Council makes tax deal with potential new auto dealership
It’s not often you hear the words “blight” and “Claremont” spoken in the same sentence, but they were heard time and time again by city council members on Tuesday night as they discussed the possibility of a new auto dealership coming to Auto Center Drive.
Council unanimously adopted a resolution approving an Owner Participation Agreement between the city and Premier Automotive Group, thereby removing a speed bump in its effort to restore Auto Center Drive to its intended glory as an automobile sales Mecca in Claremont.
“Without the Redevelopment Agency and other factors that we used to have, this is the way we have to go in revenue-sharing,” Councilman Larry Schroeder asserted. “Without this agreement, we would have nothing. We appreciate the new revenue to the city—we appreciate the new jobs in the city and the shopping opportunities. So thank you very much.”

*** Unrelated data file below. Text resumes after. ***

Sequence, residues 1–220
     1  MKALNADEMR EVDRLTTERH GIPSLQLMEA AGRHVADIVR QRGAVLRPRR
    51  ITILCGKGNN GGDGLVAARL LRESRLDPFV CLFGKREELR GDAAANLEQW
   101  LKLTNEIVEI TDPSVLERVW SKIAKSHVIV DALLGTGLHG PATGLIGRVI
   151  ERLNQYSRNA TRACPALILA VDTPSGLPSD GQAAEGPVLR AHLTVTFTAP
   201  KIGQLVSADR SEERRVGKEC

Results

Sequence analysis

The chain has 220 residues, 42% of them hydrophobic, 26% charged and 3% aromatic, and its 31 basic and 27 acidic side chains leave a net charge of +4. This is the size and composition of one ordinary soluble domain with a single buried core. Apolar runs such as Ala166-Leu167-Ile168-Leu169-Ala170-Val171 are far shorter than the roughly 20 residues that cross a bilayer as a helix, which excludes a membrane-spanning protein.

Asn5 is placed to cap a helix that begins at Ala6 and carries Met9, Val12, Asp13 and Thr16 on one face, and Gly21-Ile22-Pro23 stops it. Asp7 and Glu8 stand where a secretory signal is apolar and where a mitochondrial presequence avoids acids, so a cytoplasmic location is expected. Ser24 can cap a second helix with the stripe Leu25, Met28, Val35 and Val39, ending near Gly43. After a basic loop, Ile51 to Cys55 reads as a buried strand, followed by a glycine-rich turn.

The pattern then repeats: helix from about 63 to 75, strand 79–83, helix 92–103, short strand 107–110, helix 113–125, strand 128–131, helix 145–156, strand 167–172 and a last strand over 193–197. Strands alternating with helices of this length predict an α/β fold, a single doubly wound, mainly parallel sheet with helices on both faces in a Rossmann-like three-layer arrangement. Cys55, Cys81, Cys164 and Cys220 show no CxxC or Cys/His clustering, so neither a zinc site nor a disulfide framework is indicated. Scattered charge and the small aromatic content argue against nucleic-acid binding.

Premier Automotive Group entered into a purchase and sale agreement with Brandywine Homes earlier this year for seven acres of property on the western terminus of Auto Center Drive. Brandywine had purchased the property in May 2013 with the goal to build a residential housing development. Premier intends to operate an auto dealership for the sale of new Dodge, Jeep, Chrysler and Ram vehicles and says it will invest more than $14 million into real estate and improvements to the property.
To support the feasibility of the dealership operation, the city agreed to reimburse Premier Automotive Group for 50 percent of its sales and use tax generated by the dealership for a period of 10 years to a cumulative maximum amount of $4,375,000. Payments will be made on a quarterly basis for a term of 10 years commencing on or before March 31, 2016, when the dealership anticipates opening for business.
The city was quick to point out that any sales tax Premier Automotive Group of Claremont would be eligible to receive is based solely on the success of the dealership. The city would be eligible to receive 100 percent of the sales tax after 10 years.
Claremont’s attorney Vanessa Locklin, a shareholder with the firm Straddling Yocca Carlson & Rauth, prepared the agreement and was available in chambers Tuesday night to answer any questions. There was really only one.